iPad mini Apple bringing back the 10W USB Power Adaptor with the Retina iPad Mini

Discussion in 'iPad' started by Ryox, Oct 23, 2013.

  1. Ryox macrumors 6502a

    Ryox

    Joined:
    Oct 27, 2007
    Location:
    UK
    #1
    IPADS.png

    Really feels like an odd move for me since they replaced this adaptor with the 12W version.

    Thought it would be an interesting note for us considering the Retina iPad Mini.

    The iPad Air ships with the 12W.
     
  2. tann macrumors 68000

    Joined:
    Apr 15, 2010
    Location:
    Nottingham, England
    #2
    No idea what the reasoning for this could be? It has a bigger battery than iPad mini 1, so using a smaller charger really sounds weird!

    I can't imagine it saves them more than $0.50 or something, if that!
     
  3. Pressure macrumors 68040

    Pressure

    Joined:
    May 30, 2006
    Location:
    Denmark
    #3
    The iPad Mini (1st generation) only came with a 5 Watt charger, so this is definitely a step up!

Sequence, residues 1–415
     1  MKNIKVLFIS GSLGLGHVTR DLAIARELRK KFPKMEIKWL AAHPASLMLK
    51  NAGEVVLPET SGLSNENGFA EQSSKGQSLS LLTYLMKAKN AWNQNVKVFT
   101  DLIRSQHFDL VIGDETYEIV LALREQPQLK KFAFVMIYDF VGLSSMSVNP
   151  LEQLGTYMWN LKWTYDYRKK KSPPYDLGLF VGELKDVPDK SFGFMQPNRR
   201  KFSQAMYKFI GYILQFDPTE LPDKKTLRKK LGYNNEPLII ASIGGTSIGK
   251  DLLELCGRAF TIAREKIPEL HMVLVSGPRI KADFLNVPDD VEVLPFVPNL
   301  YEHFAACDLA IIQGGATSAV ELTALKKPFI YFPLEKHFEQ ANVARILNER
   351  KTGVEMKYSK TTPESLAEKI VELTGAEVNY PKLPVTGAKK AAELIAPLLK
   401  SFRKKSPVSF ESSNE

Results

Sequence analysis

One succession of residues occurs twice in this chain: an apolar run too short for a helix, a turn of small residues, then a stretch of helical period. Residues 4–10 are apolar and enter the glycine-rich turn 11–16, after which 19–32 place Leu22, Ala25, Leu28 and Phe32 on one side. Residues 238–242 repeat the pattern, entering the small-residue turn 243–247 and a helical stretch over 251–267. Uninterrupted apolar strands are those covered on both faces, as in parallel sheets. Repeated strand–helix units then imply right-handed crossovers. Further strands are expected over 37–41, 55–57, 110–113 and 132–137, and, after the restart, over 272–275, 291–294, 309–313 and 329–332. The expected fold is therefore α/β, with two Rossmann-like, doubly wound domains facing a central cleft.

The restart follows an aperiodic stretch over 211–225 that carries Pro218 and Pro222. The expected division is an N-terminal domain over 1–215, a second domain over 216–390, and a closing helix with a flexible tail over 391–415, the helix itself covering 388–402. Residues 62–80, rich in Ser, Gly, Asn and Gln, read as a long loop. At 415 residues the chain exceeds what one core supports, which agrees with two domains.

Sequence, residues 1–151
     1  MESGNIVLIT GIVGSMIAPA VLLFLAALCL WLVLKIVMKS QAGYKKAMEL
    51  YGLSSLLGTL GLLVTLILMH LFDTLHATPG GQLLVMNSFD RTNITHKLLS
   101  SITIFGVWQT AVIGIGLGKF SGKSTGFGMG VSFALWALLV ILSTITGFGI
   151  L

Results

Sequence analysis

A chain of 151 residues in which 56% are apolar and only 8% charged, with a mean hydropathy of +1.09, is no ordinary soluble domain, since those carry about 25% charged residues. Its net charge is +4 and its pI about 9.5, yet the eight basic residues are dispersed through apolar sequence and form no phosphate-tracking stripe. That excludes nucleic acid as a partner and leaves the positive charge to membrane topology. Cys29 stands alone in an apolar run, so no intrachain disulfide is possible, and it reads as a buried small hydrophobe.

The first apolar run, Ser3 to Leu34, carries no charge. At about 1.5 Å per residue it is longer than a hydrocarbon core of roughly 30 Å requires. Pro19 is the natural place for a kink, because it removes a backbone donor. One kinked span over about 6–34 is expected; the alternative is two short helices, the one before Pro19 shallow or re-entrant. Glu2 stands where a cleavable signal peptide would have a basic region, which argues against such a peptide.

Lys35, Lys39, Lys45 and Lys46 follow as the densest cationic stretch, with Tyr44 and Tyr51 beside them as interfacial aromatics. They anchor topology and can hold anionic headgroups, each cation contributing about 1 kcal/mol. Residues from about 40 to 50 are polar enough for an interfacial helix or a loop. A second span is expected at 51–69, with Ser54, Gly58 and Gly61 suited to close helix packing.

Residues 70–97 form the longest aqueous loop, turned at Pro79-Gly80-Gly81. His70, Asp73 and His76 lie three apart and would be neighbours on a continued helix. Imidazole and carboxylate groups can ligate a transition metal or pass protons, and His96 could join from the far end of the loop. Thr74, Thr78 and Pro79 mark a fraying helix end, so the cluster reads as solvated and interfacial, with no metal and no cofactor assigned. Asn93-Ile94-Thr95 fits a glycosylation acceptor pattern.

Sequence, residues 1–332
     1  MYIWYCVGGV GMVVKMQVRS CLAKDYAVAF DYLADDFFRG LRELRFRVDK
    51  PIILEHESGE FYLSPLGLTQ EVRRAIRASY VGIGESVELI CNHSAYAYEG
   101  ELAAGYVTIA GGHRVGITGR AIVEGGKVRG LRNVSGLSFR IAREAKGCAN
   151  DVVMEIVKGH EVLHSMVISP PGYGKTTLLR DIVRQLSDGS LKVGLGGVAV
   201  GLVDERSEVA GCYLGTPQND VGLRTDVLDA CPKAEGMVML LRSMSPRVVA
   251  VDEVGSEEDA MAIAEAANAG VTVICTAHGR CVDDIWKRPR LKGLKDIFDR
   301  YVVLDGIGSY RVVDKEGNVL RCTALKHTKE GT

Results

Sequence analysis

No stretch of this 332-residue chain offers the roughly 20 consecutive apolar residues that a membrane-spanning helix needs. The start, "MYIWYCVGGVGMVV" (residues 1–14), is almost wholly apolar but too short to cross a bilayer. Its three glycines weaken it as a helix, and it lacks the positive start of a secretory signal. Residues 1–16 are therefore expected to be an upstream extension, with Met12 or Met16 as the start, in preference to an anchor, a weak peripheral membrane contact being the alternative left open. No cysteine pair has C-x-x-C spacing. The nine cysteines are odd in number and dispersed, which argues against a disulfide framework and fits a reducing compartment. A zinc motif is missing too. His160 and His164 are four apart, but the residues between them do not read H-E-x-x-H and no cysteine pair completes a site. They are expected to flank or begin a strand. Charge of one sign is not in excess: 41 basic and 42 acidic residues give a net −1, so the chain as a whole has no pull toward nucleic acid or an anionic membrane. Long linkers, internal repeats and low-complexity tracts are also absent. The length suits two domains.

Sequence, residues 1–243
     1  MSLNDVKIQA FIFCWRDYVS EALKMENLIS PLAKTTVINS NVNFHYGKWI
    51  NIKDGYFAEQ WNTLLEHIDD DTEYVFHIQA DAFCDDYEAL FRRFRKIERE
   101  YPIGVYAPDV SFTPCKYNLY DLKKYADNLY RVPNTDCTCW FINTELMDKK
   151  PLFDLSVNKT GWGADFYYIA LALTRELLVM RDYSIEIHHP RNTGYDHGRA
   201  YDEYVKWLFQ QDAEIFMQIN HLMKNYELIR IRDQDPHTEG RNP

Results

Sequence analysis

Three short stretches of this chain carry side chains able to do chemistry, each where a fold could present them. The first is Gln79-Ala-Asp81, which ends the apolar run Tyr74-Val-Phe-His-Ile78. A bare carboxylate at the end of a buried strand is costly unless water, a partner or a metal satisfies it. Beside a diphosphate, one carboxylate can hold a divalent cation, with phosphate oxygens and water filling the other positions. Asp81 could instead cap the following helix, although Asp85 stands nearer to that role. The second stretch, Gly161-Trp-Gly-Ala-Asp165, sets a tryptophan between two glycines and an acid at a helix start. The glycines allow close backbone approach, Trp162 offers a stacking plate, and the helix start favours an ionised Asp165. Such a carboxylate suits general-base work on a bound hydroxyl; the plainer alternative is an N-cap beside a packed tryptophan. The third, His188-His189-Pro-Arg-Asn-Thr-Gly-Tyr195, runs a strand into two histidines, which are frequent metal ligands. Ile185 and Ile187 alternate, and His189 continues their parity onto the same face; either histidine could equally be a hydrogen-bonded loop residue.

4. Ryox thread starter macrumors 6502a

    Ryox

    Joined:
    Oct 27, 2007
    Location:
    UK
    #4
    Why not just go for the 12W? Since you cant even buy the 10W standalone from apple anymore.

    Surely that would have made more sense, unless the device it self couldn't draw more than 10W from the charger?
     
  5. CJisohsocool macrumors 6502

    Joined:
    Oct 29, 2009
    #5
    My mini draws from the 12w fine, this is probably them being cheap lol
     
  6. Ryox thread starter macrumors 6502a

    Ryox

    Joined:
    Oct 27, 2007
    Location:
    UK
    #6
    Well... hmm. You're probably right.
     
  7. Brian Y macrumors 68040

    Joined:
    Oct 21, 2012
    #7
    Either that, or they have a crap load of them left over which they need to use!
     
  8. macguy360 macrumors 6502a

    Joined:
    Feb 23, 2011
    #8
    The device limits the amount of power draw. It is built into the circuitry. You could plug a 40 watt charger into the iPad mini if it were available and it would still charge at only a certain rate.

    The reasoning behind this move is because if the circuitry limiter were to fail, the higher watt charger would cause the iPad mini to overheat, potentially destroying the mini or causing a fire. The iPad Air is larger which allows more heat dissipation and thus there is less worry to overheating. There is also probably a slightly larger battery in the iPad Air and so Apple is trying to balance charge times to make both devices charge in a similar amount of time.
     

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